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Unicode 7.0 Released, Supporting 23 New Scripts 108

An anonymous reader writes "The newest major version of the Unicode Standard was released today, adding 2,834 new characters, including two new currency symbols and 250 emoji. The inclusion of 23 new scripts is the largest addition of writing systems to Unicode since version 1.0 was published with Unicode's original 24 scripts. Among the new scripts are Linear A, Grantha, Siddham, Mende Kikakui, and the first shorthand encoded in Unicode, Duployan."
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Unicode 7.0 Released, Supporting 23 New Scripts

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  • Re:Why emoji? (Score:4, Informative)

    by Guy Harris ( 3803 ) <> on Monday June 16, 2014 @08:31PM (#47250691)

    Not everyone speaks English or Chinese or Spanish.

    Everyone recognizes stop sign, airport, pile of poop and other symbols. So communicating via pictographs is actually good. Even if it was incidental.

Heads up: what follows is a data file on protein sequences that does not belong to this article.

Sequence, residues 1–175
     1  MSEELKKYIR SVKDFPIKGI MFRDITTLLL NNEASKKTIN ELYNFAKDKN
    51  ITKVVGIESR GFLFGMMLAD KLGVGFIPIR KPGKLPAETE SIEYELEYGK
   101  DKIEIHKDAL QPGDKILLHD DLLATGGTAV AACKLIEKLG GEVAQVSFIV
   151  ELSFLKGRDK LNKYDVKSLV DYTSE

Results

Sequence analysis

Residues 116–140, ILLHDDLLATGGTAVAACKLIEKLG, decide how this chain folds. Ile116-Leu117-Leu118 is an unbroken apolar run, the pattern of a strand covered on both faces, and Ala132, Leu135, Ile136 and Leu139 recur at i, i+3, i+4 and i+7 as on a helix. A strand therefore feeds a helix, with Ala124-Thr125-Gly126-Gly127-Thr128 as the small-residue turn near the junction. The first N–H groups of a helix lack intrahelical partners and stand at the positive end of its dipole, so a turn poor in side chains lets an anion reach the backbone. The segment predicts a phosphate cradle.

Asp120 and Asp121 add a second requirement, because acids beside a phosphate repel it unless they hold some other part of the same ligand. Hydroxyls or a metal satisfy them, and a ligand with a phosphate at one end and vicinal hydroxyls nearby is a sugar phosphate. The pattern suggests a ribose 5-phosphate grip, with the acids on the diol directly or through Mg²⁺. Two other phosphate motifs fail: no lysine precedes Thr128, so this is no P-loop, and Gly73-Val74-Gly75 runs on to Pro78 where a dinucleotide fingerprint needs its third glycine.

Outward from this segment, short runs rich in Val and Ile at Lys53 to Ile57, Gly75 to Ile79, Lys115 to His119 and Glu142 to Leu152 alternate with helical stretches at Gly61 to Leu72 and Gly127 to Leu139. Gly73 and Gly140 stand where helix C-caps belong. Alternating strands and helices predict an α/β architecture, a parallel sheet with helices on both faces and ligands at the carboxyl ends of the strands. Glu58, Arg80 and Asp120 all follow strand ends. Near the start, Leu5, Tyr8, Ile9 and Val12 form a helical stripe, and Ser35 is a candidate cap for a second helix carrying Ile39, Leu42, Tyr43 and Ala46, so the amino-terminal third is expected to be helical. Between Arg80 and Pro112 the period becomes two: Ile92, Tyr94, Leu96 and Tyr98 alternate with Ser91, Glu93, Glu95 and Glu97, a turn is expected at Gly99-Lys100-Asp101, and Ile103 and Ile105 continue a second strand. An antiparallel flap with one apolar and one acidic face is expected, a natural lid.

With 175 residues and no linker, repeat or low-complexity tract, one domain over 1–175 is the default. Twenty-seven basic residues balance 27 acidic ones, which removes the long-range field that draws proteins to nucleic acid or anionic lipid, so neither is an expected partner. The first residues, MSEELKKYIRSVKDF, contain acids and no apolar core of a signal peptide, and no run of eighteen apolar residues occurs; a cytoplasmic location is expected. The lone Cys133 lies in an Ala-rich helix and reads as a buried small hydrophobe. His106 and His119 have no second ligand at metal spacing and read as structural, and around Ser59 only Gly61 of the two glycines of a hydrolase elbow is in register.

And many of them recognize this [] as well.

  • Re:Peso vs. Dollar (Score:5, Informative)

    by lithis ( 5679 ) <> on Monday June 16, 2014 @10:14PM (#47251403) Homepage

    Many of the stylistic duplicates, for example the half-width and full-width latin forms that you mentioned, are only in Unicode because of backwards compatibility with pre-Unicode character sets. If there hadn't been character sets that had different encodings for half- and full-width forms, Unicode never would have had them either. So you can't use them to argue for more glyph variations in Unicode. The same applies to many of the formatted numbers, such as the Unicode characters "VII" (U+2166), "7." (U+248E), "(7)" (U+247A), and "1/7" (U+2150), and units of measure ("cm^2", U+33A0).

    (Oh, for Unicode support in Slashdot....)

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